In the two weeks since it was unveiled to the public on the Mississippi River during the opening weekend of the “Prospect New Orleans: Notes for Now” international art spectacular, Tavares Strachan’s “You belong here” has become as much of an iconic emblem of the city as the Superdome or a plate of beignets at Café du Monde.

OK, that may be an exaggeration. But only slightly.

Judging from the response on social media, though, “You belong here” is by far the runaway hit of the show, Instagrammed and Facebooked again and again by residents and visitors alike.

It’s something that took the 33-year-old artist a little by surprise.

“The reaction wasn’t something I planned,” said Strachan. “I like to make things, and hopefully the things I make will be thought-provoking and will spark conversation. But I love that people are embracing it.”

Born in the Bahamas, Strachan lives and works in New York City. His conceptual, often highly cerebral work, which has been exhibited worldwide, is tough to pigeonhole: some of his previous pieces involve themes like national identity and climate change.

A 2011 retrospective of his career remained closed to the public for its duration — though “exhibited” via a catalogue and website — to emphasize how Strachan explores notions of presence and absence throughout his art.

But “You belong here” is a very public and highly visible result of a nearly 10-year love affair with New Orleans.

“I visited (New Orleans) for the first time right after Katrina and fell in love with it,” he said. “I think that happens to a lot of people; I haven’t met one person who visited New Orleans and didn’t fall in love with it.”

Seeing the city still in the process of healing after the storm had a profound effect on Strachan.

“I had a very emotional connection to the city being here right after Katrina, and that connection has stayed with me,” he said.

“I’ve come back every year since to experience the music, the food, and the culture in general,” he said. “But my initial encounter had a lot to do with why I continue to feel so emotionally connected to the city.”

The artist’s understanding of the city’s relationship with the water around it formed the earliest conceptions of the work that would eventually turn out to be a giant barge supporting a 100-foot-long message spelled out in bright pink neon.

“For all of my visits here, I never became familiar with the Mississippi, and what a powerful force it was,” said Strachan. “So the piece was a way of getting closer to the river, of being able to understand it better.”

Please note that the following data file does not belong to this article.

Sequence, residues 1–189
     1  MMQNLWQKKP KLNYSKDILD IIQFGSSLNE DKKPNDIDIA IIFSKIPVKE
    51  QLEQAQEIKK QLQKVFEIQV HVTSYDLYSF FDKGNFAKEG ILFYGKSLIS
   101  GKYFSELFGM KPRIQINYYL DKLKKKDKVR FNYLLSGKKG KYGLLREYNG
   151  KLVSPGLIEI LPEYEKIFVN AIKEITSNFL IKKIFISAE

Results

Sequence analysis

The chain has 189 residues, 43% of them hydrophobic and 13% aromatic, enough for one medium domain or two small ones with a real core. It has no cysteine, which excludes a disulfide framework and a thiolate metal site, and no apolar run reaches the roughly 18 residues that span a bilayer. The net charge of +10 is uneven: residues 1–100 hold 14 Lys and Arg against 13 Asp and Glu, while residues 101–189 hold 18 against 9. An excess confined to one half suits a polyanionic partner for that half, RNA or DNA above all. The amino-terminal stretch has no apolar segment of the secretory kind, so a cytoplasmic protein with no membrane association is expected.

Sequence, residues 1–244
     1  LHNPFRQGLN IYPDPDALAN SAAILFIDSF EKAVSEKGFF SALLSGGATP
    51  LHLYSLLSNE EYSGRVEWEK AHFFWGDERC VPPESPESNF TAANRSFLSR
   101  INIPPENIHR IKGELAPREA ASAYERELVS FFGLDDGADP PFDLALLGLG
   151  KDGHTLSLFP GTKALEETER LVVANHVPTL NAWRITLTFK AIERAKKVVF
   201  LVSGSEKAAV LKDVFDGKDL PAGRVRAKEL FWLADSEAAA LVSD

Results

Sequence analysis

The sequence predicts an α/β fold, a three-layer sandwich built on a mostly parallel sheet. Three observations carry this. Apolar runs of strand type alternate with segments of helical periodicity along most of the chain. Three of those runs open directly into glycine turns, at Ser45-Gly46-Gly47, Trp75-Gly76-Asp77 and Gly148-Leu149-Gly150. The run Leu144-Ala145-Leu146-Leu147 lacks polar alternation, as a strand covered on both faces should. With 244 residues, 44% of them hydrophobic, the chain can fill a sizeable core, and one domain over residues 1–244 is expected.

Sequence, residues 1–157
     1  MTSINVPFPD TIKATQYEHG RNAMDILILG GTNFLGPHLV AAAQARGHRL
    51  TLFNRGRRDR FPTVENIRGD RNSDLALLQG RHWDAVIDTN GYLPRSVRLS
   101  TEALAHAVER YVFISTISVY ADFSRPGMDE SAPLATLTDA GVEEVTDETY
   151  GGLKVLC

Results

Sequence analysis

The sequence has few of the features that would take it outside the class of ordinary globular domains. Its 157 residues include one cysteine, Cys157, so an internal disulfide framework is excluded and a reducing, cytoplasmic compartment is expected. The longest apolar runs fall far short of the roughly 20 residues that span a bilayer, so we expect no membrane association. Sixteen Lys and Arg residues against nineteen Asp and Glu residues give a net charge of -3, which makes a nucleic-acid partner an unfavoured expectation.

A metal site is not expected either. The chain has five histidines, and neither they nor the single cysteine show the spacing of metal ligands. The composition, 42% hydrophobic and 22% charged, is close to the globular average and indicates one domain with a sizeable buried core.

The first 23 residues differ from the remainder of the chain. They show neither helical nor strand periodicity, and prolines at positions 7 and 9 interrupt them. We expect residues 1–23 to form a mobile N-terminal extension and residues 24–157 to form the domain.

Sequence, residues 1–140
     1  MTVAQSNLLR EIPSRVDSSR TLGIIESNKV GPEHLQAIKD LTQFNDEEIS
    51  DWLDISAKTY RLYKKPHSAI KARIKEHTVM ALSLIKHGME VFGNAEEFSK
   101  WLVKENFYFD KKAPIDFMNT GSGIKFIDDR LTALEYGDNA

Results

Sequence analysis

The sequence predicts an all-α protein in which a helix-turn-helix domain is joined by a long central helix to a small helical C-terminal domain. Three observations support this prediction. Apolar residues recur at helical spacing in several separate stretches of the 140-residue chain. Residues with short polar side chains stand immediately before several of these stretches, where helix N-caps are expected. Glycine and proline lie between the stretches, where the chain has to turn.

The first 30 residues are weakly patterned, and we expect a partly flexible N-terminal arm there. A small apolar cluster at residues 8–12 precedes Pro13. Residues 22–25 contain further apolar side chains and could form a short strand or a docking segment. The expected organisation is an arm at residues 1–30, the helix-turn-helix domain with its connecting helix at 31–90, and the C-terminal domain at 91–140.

Along the way, the piece became something about notions of location and identity — but not always in an obvious way.

“It begs questions,” Strachan explained. “Who is ‘you’? What it means to belong? And what does it means it be ‘here’? These are serious questions for me, the kind of questions that keep me up at night.”

But not too serious: After all, as Strachan points out, “It’s a floating, playful work.” And he encourages people to have fun in their response to it: “The river is always in flux, and so are reactions to the piece.”

And Strachan is quick to emphasize that ‘You belong here’ came about as much from his own personal vision as from his connection with New Orleans and its people.

“The process of building and displaying the piece evolved from a great working relationship with companies like Canal Barge and Magnolia Fleet LLC and was helped along by having people in New Orleans really get behind and support the project,” he said. “Franklin Sirmans and the whole team at Prospect have been totally supportive of the project, too.”

A mobile app produced in conjunction with the piece, which features tour guide Timothy “Speed” Levitch taking users on a virtual tour of the city, is an integral part of the experience, he said.

“100 percent of proceeds go to community outreach projects based in New Orleans,” Strachan said. “It’s a great way to support the city.”

But for all of the virtual tours and Instagram pictures, Strachan still emphasizes that the best way to experience “You belong here” and ponder the questions it raises is to make your way to the river and see the piece in person before Prospect.3 closes on Jan. 25.

“New Orleans isn’t like anywhere else,” he said. “It’s a brilliant place to be.”

For more information on the piece and its associated mobile app, visit youbelong hereproject.org.